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On October 29, 2014, through the OECD “Global Forum on Transparency and Exchange of Information for Tax Purposes,” both the OECD and G20 countries endorsed a new Standard for Automatic Exchange of Financial Account Information in Tax Matter. 59 countries are so-called “early adopters” and are committed to undertaking their first exchanges by 2017. 35 other countries (including Canada) have committed to undertaking their first information exchanges by 2018. The U.S. has agreed to participate in automatic information exchanges through its Foreign Account Tax Compliance Act (FATCA), pursuant to its bi-lateral Intergovernmental Agreements.
This global automatic information exchange initiative is based on each jurisdiction’s participation in the OECD’s Multi-lateral Convention on Mutual Administrative Assistance in Tax Matters. The information exchange itself will follow the OECD’s Standard for Automatic Exchange of Financial Account Information in Tax Matters (first released in July 2014). This automatic information exchange “draws extensively on the intergovernmental approach to implementing FATCA” and is designed to be implemented via a combination of multi-lateral conventions and bi-lateral competent authority agreements.
The approach taken by OECD in this model appears to involve the multi-lateral convention and the OECD standard forming the overarching framework for the information exchange and bi-lateral competent authority agreements between participating jurisdictions to implement this broader framework in a way that accounts for local law particularities.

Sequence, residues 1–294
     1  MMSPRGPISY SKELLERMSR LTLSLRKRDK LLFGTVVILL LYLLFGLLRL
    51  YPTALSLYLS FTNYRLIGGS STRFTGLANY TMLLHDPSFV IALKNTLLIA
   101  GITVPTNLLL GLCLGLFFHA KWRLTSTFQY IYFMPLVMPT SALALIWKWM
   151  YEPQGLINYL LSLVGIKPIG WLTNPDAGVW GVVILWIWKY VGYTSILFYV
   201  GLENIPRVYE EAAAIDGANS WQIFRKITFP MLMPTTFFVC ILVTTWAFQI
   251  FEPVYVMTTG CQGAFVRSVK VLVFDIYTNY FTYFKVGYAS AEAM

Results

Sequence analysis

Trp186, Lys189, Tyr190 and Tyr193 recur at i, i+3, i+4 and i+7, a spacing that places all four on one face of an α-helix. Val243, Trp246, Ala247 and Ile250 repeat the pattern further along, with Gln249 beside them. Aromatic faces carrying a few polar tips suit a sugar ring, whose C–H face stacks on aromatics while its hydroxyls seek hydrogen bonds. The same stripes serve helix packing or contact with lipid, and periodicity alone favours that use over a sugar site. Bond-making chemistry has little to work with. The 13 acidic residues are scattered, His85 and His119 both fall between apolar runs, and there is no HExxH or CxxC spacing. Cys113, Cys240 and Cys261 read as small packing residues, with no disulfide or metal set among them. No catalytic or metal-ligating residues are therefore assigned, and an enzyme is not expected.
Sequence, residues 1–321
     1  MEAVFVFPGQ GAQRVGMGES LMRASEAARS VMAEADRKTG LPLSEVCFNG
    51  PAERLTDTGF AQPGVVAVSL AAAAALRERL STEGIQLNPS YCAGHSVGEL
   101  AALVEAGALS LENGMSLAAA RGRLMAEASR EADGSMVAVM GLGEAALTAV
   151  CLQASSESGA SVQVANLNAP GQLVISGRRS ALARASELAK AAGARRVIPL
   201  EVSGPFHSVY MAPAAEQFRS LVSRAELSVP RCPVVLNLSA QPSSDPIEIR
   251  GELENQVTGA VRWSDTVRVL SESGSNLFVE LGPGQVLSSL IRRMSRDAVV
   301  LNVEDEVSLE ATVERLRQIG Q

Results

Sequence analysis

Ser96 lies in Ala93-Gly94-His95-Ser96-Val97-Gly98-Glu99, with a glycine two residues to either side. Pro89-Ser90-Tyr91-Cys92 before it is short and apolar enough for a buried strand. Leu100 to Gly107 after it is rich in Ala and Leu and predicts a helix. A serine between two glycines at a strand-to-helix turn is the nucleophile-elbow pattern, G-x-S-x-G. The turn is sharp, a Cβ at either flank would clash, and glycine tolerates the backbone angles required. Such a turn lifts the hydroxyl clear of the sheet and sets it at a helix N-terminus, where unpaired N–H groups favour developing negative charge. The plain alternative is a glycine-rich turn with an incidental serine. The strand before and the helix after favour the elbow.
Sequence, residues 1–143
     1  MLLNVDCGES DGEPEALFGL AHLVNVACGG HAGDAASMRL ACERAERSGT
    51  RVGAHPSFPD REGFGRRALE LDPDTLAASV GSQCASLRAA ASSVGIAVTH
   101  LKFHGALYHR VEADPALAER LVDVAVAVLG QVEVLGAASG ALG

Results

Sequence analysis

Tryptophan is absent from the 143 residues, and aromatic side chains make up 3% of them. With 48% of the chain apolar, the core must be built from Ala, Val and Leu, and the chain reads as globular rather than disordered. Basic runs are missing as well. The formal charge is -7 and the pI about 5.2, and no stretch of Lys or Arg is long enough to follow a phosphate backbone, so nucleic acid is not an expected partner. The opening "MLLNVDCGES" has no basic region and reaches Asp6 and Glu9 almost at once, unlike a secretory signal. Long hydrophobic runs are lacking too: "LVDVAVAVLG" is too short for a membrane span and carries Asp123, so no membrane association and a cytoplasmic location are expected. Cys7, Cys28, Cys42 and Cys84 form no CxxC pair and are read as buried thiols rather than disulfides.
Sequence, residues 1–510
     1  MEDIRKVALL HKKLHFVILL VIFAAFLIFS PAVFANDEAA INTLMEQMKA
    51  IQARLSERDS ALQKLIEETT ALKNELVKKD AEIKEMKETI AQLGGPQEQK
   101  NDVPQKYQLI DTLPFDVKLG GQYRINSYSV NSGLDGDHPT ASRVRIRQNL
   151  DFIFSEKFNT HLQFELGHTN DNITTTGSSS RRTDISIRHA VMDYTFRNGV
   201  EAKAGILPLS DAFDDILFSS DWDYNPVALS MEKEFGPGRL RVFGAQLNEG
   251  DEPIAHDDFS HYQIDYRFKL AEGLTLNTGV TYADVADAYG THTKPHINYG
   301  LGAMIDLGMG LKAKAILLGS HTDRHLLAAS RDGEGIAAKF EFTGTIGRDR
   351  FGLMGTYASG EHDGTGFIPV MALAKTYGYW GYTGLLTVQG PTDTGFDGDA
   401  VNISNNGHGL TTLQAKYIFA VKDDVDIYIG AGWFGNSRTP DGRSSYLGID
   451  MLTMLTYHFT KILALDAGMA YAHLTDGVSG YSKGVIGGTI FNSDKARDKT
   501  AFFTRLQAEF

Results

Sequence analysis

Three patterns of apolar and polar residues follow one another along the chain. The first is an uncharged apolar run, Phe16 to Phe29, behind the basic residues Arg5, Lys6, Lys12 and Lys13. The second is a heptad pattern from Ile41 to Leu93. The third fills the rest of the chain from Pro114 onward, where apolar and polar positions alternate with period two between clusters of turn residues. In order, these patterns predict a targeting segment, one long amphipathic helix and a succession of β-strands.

One of the key features touted by OECD of such a multi-lateral information sharing standard is efficiency, particular for residence jurisdictions. “[The automatic exchange] needs to be standardised so as to benefit the maximum number of residence jurisdictions and financial institutions while recognising that certain issues remain to be decided by local implementation…. A proliferation of different and inconsistent models would potentially impose significant costs on both government and business to collect the necessary information and operate the different models.”
Efficiency is also expected to be achieved by creating a standard technical reporting format that allows information to be captured, exchanged and processed quickly and efficiently in a cost-effective and secure manner. Additionally “compatible methods of transmission and encryption of data must be in place.” A global – and standardized – T5 or 1099 reporting system, if you will.
According to the OECD, the Common Reporting Standard additionally has the potential to relieve certain burdens imposed by the U.S. FATCA:
“Given…the anticipated progress towards widespread participation in the [Common Reporting Standard], it is compatible and consistent with the [Common Reporting Standard] for the United States to not require the look through treatment for investment entities in Non-Participating Jurisdictions.”
This is truly a significant development in the global trend towards information sharing.
Related Topics:International Tax; OECD; FATCA
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